NEWS

Is The Time Ripe For A Women's IPL? Mithali Raj Sure Hopes So

"The captain is what the team is."

26/07/2017 3:11 PM IST | Updated 26/07/2017 6:19 PM IST
John Sibley / Reuters
India's Mithali Raj during a press conference.

It can now be confidently said that the cricket team led by Mithali Raj has established itself as the force majeure of women's sports. Their heart-stopping race to the finish at the Women's World Cup final against England and general performance throughout the tournament had the entire nation talking about a sport that, until now, flourished mostly in the shadows of its more popular men's counterpart.

Though England beat India by 9 runs, the Indian women won hearts all around for playing their best cricket. And on Wednesday, Raj definitely gave her vote of approval for a format that some have tentatively floated before — an Indian Premier League (IPL) for women's cricket.

Raj said at a press conference following the team's return to India, that a women's IPL will definitely give domestic players better exposure and recognition and propel the sport to the same competitive plane as men's cricket. The team is definitely better prepared, she said.

READ: Meet The 11 Indian Cricketers Playing The Women's World Cup Final 2017 Against England

"If you had asked me a couple of years back I would have said no....but after going through the way women cricketers have improved the standard of cricket in the World Cup, and how a couple of our players have played for the team, I'm sure if something is started, it will help even domestic players in getting exposure," Raj said.

"It's just the beginning of good times for women's cricket."

"It's just the beginning of good times for women's cricket," she added. Asked if women cricketers are finally getting their due, Raj said "they always deserved the recognition."

"Broadcasting, televisation of the game, and also having come under the BCCI made a huge difference," she said.

Coach Tushar Arothe said the fitness and fielding have markedly improved since he took over.

As Tim Wigmore writes in the Guardian, after the performance by women cricketers this World Cup, and seeing the global viewership the tournament generated, the International Cricket Council is determined to push on with a bid for Twenty20 competitions — for both genders — in the Olympic Games in 2024.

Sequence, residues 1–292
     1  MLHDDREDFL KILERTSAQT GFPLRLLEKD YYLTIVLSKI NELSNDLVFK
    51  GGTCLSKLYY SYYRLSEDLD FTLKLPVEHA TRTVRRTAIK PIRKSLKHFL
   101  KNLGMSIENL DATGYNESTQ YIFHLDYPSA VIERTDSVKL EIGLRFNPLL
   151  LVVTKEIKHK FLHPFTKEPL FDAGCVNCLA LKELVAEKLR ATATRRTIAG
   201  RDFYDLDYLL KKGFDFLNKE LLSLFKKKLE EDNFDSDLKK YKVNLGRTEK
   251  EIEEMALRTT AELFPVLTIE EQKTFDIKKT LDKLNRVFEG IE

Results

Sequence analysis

"After the World Cup the ICC recognises how cricket featuring in the Olympics would give the women's game even greater profile and open up new funding from national governments. There is stronger support for the concept among the ICC's 104 members than ever before, recognising the opportunity that the Olympics presents," Wigmore writes.

India's video-on-demand platform, Hotstar, announced that the Women's World Cup final, in the 48th over with India needing 11 runs to win off 12 balls, recorded a peak concurrency of 1.9 million simultaneous viewers — higher than the average viewership of many men's cricket tournaments on Hotstar last year.

Plans to give women's cricket wings are commendable.

However, among the BCCI are voices skeptical about the immediate scope for a women's IPL.

An unnamed BCCI official told Hindustan Times: "There is no doubt about the interest in women's cricket thanks to the World Cup. It is unprecedented. We will certainly have a roadmap now for women's cricketers like we have for the men's cricket. But to have an IPL is not practically feasible."

The Indian cricket board have announced a cash prize of Rs 50 lakh for each member of the Indian team for their performance in the World Cup at Lords.

Another BCCI official told CricketNext that while the game needs backing and funding, the idea of a women's IPL is "far-fetched" at the moment.

"But to think of a women's IPL would be a little far-fetched as it is not financially feasible at present. Also, the current unrest within the BCCI as the board is trying its best to implement the proposals of the Lodha panel at the earliest means that the women's IPL needs to wait at present," the official is quoted as saying.

There has to be a "supply line of women cricketers", the official said, to build on the work of Harmanpreet Kaur and Jhulan Goswami. The case for a women's IPL has been made time and again, recently from former Indian fielding coach Robin Singh who cited the Australian team as an example.

"Australia has a league, so why not (have one)? India is a big country and it will help us find more women cricketers," Singh said.

But Raj holds out hope, and to quote her — "the captain is what the team is" — who knows, maybe the time will come sooner than thought if she leads the way.

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